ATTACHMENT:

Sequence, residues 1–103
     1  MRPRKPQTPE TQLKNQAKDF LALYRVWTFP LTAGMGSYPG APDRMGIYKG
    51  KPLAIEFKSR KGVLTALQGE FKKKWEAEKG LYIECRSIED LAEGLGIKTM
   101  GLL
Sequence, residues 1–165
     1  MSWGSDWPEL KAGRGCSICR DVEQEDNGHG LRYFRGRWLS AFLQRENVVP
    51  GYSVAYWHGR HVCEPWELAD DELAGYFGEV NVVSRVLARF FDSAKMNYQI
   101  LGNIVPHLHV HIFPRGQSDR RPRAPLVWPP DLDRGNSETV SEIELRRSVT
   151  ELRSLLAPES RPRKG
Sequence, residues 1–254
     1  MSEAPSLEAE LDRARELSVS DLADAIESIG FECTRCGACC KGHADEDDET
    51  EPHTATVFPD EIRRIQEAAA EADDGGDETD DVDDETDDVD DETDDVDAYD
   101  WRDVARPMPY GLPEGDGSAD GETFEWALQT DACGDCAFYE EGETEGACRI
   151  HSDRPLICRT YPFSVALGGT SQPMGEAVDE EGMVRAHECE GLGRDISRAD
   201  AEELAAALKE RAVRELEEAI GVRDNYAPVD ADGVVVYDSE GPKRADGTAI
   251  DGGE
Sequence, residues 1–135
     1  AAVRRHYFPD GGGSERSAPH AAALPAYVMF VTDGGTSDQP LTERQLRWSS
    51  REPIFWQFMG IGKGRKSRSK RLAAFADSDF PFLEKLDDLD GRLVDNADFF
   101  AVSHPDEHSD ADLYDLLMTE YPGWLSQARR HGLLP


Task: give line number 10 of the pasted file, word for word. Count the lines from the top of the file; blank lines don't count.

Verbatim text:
Sequence, residues 1–254